Unmanned surface vessels for surface and subsurface threats in harbours: background and practical lessons
The use of Unmanned Surface Vehicles (USVs) in harbour protection missions has been studied through technology surveys and experimentation within the programme of work at NURC. The crucial subsystems and vehicle payloads which provide a vessel's capability were assessed. The mission of harbour protection can be broken down into representative subtasks, and possible application of USVs to each is discussed. The important conclusions of the earlier work can be summarized as follows: - The potential benefit of USVs ranks with that of other classes of unmanned systems - reduced life-cycle cost, personnel safety through increased standoff distance, and reliable performance of tedious repetitive tasks (not subject to operator fatigue). - A productive overlap exists between the USV community and other classes of unmanned systems. -- The USV market is mature: there are numerous vessels with semiautonomous control systems available commercially. - Several universities and laboratories worldwide are conducting important research into autonomy as related to USVs. - Most, if not all, commercially available USVs lack sufficient autonomy to be of immediate use in a harbour protection role. In fact, their reliability concerns and uncertain legal status could render them liabilities in the close confines of a harbour environment. - The necessary advances in autonomy depend in part on close integration of the onboard sensors and the onboard decision making tools. At-sea experimentation begun in 2007 and continuing through 2009 has provided practical lessons on the use of USVs and further refinement of the "state of the art" or "state of the practice"?. This experimentation has focused on a subset of the missions and shortcomings previously identified - particularly the missions which require seamless integration of surveillance plus response against underwater threats such as divers, mines, or IEDs on the bottom or in the water column of a harbour environment. Results and analysis derived from these experiments are used to plot the course for future trends in practical operational use of USVs.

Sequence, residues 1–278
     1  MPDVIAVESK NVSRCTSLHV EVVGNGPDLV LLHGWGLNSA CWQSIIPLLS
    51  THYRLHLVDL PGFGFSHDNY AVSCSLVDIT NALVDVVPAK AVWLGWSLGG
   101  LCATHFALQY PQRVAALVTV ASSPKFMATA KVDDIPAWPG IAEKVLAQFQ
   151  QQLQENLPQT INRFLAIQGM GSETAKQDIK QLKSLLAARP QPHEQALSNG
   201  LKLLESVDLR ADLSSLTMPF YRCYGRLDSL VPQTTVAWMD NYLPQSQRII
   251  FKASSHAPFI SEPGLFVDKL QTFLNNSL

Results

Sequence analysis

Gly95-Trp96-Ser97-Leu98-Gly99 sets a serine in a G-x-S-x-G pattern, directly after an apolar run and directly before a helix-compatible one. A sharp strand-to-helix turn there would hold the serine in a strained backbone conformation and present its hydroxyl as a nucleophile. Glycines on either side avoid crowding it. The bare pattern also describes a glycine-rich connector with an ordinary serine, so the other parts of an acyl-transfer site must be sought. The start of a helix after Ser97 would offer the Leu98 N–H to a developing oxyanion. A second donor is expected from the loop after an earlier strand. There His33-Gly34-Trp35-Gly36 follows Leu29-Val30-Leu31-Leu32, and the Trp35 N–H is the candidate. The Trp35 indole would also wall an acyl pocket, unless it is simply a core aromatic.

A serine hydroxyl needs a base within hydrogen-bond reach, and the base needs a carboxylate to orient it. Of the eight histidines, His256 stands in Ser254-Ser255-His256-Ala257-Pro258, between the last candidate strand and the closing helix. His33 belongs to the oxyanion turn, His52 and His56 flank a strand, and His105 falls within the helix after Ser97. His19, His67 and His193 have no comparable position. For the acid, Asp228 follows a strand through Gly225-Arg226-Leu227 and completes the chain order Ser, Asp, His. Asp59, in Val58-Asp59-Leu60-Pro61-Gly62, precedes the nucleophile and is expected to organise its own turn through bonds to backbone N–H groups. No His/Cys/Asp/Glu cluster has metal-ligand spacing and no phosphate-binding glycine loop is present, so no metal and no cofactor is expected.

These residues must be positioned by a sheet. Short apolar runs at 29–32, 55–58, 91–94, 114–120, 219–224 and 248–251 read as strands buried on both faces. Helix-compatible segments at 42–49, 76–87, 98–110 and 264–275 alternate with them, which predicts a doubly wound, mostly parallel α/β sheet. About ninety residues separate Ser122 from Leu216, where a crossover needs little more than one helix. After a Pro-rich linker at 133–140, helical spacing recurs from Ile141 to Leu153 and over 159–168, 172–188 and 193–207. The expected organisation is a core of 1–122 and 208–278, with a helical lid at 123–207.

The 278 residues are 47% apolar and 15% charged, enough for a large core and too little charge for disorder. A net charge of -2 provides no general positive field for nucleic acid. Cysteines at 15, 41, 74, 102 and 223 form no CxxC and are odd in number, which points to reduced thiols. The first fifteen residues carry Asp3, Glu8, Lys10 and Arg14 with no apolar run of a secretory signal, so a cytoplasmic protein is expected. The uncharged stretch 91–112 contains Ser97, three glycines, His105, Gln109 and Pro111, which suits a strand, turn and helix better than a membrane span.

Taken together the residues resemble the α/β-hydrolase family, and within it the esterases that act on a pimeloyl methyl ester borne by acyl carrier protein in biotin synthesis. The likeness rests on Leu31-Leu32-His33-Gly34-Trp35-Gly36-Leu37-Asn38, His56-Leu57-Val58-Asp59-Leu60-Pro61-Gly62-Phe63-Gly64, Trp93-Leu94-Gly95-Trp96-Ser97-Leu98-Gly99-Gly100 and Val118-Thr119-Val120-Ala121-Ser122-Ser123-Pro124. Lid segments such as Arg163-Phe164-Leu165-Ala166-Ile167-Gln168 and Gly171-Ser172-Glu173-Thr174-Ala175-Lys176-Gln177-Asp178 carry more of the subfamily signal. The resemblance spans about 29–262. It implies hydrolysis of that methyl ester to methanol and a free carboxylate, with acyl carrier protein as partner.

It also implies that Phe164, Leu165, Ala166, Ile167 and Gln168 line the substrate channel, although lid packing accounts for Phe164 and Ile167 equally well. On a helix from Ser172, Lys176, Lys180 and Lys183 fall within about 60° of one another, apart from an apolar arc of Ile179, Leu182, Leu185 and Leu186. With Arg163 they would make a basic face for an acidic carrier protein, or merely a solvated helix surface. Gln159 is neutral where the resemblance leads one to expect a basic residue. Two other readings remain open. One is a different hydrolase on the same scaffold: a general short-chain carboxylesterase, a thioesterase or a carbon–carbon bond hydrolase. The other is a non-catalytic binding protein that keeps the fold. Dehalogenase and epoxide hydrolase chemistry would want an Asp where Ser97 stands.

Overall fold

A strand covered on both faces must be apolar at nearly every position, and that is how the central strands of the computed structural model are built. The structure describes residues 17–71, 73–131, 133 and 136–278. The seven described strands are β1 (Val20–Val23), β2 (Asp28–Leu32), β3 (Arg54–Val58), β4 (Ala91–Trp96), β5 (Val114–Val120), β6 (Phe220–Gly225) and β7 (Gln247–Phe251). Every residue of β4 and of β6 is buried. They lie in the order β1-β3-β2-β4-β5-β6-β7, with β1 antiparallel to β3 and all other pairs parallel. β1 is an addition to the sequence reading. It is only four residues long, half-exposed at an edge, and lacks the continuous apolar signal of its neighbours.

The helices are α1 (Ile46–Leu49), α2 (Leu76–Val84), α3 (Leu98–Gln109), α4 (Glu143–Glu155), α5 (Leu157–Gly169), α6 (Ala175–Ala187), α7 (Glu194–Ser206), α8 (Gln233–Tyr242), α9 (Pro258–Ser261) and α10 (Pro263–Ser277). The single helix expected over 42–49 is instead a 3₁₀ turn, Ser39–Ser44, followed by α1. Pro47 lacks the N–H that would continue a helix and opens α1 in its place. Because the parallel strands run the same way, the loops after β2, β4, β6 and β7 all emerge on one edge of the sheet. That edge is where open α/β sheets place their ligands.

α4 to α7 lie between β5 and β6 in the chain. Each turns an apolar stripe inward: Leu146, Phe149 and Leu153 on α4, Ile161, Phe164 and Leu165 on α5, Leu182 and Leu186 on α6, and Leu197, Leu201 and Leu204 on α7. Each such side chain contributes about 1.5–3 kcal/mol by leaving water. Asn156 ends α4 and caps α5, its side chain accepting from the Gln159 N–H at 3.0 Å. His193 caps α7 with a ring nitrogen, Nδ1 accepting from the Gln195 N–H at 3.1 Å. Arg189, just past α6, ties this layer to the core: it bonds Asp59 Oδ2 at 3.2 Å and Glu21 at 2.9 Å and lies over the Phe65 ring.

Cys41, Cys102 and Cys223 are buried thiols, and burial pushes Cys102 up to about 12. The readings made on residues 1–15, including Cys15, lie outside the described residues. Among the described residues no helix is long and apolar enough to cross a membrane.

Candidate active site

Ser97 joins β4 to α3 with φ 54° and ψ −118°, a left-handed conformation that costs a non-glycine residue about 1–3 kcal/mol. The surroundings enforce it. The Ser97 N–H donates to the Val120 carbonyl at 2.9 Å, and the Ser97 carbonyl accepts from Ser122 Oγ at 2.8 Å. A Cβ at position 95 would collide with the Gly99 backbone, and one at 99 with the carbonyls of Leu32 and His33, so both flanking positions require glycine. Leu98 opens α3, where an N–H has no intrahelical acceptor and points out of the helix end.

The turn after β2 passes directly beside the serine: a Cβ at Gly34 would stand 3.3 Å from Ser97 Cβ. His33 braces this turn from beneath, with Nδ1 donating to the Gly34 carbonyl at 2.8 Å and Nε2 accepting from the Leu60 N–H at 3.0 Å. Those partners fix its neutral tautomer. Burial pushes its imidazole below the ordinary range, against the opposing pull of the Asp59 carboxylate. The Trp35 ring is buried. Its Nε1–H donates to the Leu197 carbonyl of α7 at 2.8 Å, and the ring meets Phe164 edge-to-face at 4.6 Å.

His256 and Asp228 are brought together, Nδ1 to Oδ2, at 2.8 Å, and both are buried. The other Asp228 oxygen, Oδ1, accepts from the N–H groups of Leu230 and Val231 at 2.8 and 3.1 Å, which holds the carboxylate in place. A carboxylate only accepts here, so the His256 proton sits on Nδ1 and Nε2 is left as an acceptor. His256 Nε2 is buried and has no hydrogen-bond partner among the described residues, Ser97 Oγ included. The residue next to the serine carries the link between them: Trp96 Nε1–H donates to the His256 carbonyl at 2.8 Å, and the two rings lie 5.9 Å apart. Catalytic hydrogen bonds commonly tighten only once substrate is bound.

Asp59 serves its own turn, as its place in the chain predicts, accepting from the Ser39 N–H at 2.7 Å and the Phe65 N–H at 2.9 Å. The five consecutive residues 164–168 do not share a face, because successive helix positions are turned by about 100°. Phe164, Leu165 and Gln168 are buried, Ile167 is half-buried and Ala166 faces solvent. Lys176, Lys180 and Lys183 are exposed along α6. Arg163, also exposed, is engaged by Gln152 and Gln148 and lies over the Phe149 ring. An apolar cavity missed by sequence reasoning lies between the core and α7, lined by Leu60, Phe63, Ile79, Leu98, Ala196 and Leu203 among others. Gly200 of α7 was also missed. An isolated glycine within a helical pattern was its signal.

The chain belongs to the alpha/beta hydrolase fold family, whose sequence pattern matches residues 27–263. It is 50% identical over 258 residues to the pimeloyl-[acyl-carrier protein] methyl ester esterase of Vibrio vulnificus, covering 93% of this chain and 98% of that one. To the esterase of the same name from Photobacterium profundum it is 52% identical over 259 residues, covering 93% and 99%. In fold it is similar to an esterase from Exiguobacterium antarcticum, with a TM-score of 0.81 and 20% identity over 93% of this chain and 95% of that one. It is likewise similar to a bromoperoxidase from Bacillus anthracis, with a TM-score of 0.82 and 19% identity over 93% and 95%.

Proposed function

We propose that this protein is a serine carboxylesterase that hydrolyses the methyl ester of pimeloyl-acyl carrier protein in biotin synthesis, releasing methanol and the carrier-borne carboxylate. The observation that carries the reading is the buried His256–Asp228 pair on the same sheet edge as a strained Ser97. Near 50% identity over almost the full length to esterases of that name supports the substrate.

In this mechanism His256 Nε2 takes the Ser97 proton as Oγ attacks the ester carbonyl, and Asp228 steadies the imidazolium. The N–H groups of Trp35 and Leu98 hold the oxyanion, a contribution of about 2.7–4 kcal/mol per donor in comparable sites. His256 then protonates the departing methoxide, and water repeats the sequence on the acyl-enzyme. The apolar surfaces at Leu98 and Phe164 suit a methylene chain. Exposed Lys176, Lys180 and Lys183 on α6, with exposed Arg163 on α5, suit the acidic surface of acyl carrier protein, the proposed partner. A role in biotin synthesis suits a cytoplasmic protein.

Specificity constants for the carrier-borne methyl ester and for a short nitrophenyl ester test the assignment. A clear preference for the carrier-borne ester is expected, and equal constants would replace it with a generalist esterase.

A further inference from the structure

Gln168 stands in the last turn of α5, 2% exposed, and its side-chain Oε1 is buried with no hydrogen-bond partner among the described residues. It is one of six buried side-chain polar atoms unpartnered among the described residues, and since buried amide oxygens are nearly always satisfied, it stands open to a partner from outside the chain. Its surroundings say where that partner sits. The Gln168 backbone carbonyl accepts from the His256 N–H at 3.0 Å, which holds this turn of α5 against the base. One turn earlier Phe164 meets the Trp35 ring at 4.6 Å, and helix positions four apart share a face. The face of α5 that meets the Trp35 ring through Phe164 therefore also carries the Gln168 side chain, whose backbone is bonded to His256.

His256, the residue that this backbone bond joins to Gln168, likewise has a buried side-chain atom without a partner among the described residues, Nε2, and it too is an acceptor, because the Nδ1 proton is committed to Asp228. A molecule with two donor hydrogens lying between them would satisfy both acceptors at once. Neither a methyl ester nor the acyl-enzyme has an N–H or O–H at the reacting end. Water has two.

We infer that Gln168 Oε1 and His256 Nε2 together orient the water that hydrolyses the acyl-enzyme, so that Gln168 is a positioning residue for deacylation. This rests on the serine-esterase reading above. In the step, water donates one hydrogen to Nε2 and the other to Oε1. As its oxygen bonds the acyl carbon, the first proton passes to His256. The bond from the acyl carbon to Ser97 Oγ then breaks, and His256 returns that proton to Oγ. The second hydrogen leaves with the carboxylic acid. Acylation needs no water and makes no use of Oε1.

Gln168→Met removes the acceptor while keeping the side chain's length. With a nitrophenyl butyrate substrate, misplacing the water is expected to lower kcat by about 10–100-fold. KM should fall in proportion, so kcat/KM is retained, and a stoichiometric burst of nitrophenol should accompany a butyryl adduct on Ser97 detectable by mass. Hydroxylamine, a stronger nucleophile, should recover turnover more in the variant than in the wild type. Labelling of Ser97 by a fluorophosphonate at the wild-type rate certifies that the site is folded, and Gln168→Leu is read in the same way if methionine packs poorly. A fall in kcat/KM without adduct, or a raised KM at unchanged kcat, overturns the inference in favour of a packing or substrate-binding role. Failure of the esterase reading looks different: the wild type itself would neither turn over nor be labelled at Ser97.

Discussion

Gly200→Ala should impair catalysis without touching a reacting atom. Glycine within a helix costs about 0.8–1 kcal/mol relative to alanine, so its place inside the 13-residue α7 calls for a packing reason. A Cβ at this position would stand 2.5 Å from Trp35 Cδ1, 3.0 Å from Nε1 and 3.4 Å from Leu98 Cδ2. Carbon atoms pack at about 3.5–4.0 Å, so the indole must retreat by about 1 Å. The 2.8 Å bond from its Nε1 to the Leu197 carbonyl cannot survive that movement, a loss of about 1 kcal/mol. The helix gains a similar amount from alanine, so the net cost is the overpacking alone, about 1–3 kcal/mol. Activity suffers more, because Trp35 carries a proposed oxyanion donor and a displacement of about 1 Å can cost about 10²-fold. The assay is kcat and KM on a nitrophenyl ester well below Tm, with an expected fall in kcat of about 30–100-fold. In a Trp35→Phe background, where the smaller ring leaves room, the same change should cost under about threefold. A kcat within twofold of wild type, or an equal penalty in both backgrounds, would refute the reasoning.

SourceOriginally published in: UDT Europe, Undersea Defence Technology Europe, Cannes, 9-11 June 2009.
Pastore, Thomas J.;
Kessel, Ronald T.